Coal ash dams

14th October 2020

Mr GREG PIPER (Lake Macquarie) (20:19:57): Throughout New South Wales right now about 200 million tonnes of coal ash is being stored in unlined dams. It is by far the biggest waste product generated in Australia and is growing by 3.8 million tonnes a year. Lake Macquarie houses the State's biggest coal-fired power station at Eraring, which produces about 25 per cent of the State's power needs and more than a million tonnes of coal ash each year. I note that the member for Swansea is in the Chamber tonight, too. In her electorate she has Vales Point and legacy ash also from the former Munmorah Power Station. At Eraring, the adjoining coal ash dam currently holds about 35 million tonnes of toxic ash and the operator recently won approval to expand it.

There is no question that coal ash is an enormous problem that has largely been ignored for decades, despite evidence that it is doing significant damage to human health and the environment. It would be very easy to point fingers at the current private operators of these power stations, but that would not be entirely fair. Origin Energy now owns Eraring, but only since 2013. For the 30 years prior it was owned and operated by the State Government. We have seen numerous State governments of all political stripes come and go during that time, but none have properly addressed the issue.

Only last week I appeared before the upper House inquiry into the cost of remediating these coal ash dams. The inquiry is being ably run by the Hon. Daniel Mookhey, and I very much appreciated the invitation to address it. The inquiry has received about 100 detailed submissions, mostly from community, health and environment groups, but also from the power generators and industry bodies. While we should allow that inquiry to form its own conclusions, we know that this is a serious problem and that coal ash should be treated as a reusable resource and not a waste product. That brings me to my main and very important point: Coal ash should be valued for its possible beneficial uses yet we allow it to stockpile in mindboggling amounts, adding to the environmental burden.

The Government ignored the coal ash legacy when it sold these power stations, meaning there is currently no plan to remediate these ash dams, no requirements on current owners to recycle the waste and no meaningful strategy to deal with them in the long term. As it stands, we will be leaving a 200 million tonne toxic legacy for future generations to deal with. That cannot be allowed to happen. Coal ash is already used in the manufacture of cement and cement products. It can also be used in things such as bitumen and road construction. Currently about 35 per cent of the coal ash Eraring generated is recycled. We need that to be 102 per cent, 105 per cent,110 per cent or something in that order so we can start to reduce the 200 million tonnes we have stored in dams.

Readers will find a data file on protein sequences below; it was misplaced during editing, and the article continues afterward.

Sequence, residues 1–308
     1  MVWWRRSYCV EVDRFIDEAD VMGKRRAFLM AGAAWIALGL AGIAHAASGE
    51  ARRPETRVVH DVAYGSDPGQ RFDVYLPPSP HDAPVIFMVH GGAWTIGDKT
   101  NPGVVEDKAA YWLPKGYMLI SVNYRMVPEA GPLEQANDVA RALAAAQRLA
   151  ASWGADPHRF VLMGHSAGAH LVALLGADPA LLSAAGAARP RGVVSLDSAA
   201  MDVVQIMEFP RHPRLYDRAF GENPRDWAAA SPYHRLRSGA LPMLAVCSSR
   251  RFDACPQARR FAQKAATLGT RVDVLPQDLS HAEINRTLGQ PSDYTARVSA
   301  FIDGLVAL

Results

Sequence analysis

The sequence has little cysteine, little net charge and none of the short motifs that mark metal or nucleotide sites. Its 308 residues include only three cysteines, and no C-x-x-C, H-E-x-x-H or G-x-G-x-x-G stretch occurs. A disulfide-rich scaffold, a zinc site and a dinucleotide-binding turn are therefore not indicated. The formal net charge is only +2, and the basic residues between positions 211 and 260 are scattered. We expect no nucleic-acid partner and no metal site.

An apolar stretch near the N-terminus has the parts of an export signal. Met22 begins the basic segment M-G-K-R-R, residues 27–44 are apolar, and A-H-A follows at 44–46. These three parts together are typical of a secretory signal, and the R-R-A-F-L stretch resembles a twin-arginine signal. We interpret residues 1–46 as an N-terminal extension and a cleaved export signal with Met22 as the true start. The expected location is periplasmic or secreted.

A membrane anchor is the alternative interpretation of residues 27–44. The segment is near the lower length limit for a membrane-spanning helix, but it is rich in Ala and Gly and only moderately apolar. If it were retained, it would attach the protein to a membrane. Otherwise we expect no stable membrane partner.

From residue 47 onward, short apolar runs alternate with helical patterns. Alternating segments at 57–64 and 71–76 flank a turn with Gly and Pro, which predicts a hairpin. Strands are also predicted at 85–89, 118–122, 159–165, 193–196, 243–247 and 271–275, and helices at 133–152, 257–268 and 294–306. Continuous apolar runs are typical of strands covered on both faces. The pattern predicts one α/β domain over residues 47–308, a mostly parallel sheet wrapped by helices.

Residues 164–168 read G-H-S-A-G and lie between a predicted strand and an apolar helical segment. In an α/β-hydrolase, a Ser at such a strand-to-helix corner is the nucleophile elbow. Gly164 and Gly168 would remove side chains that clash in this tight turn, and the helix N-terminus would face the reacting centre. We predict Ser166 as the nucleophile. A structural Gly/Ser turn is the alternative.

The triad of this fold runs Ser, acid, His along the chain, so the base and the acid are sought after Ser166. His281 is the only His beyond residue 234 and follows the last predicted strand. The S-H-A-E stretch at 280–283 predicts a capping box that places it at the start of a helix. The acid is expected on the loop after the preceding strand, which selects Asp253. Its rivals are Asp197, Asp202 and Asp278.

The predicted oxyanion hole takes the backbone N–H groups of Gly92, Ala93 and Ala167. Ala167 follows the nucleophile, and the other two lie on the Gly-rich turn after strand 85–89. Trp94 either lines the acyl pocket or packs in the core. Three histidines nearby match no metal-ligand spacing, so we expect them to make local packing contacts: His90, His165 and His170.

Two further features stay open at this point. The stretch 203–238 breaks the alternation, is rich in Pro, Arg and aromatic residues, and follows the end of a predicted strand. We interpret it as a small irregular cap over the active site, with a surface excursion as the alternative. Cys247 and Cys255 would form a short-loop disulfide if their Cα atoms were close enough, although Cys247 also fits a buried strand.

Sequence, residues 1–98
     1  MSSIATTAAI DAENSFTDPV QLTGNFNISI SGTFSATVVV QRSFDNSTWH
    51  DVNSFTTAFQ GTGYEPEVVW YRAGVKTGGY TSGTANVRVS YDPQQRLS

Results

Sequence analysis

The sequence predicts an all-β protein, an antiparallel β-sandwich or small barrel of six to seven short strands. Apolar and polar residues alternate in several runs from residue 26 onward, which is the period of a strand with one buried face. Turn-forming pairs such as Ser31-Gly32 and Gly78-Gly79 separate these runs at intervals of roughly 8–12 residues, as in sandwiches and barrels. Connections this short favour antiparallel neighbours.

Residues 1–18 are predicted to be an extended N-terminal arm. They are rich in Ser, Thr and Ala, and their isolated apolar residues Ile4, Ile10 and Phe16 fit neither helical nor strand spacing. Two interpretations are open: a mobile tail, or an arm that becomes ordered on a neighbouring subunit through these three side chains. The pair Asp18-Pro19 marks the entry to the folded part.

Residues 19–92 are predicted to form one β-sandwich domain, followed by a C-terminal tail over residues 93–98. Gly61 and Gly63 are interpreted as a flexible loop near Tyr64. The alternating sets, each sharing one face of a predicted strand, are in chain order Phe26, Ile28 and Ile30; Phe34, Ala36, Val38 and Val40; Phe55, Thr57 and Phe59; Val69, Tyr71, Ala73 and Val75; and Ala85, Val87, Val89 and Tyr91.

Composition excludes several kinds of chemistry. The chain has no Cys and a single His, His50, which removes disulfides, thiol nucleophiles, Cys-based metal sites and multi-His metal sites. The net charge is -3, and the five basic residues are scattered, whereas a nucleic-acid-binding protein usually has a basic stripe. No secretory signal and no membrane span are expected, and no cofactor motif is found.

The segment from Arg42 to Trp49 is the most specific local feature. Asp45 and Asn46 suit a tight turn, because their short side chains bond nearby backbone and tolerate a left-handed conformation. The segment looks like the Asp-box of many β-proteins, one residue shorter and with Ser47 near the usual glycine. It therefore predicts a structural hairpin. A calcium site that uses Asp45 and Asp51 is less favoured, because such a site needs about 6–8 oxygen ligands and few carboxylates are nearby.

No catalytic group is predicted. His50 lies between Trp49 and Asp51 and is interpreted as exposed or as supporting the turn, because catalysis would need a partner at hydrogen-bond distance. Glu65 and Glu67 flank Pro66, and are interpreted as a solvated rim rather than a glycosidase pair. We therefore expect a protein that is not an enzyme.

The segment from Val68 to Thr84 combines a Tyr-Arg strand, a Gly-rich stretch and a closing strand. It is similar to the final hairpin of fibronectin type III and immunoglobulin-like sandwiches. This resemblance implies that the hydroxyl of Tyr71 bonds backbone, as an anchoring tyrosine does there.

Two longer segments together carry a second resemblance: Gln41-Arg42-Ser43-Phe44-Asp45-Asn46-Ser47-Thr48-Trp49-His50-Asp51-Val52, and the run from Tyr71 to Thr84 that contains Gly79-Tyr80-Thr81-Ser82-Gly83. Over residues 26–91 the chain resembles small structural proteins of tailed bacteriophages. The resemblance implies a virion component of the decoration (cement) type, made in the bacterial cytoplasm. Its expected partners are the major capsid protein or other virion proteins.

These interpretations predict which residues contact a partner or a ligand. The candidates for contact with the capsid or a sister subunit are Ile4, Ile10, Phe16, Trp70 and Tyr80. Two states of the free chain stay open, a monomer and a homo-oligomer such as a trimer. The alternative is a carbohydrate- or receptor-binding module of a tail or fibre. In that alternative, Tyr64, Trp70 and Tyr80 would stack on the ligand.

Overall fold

There are markets wanting to buy this resource. Some years ago Origin tested the reuse of coal ash in construction of its private haul road. The results have been excellent. Despite the high volume of coal trucks moving over it the road has reportedly stood up better than similar roads using more traditional construction materials. Yet State agencies such as Roads and Maritime Services or Transport for NSW do not seem to want to engage with the power generators to discuss ways in which the State could use this coal ash in road construction around the State.

I have had more than half a dozen large companies approach me about getting access to the coal ash stored at Eraring and Vales Point so they can put it to a new and viable use, but they are left frustrated by the lack of interest from Government and, in some cases, from the power companies themselves. To his credit, environment Minister Matt Kean has shown interest in the matter and I know he is committed to finding a solution. I have also had discussions with the State and regional roads Ministers and they too are showing interest—I certainly thank him for that. I note that the upper House inquiry is due to report its findings next March, but I remain hopeful that the Government will continue to move on this issue sooner than that.

We must know what the long-term impacts of this legacy will be. We must have the Government play a leading role in cleaning up the mess that has been mostly created by its predecessors. We must require the coal-find power generators to meet new benchmarks for coal ash recycling. We must get government agencies, such as Transport for NSW, engaged in ways that enables them to repurpose this coal ash in reconstruction. We must look at bond schemes or sinking funds so that we are not leaving local communities and future generations to manage the problem. Simply, we must act now because that toxic legacy grew by a third—10,000 tonnes yesterday and 10,000 tonnes today.

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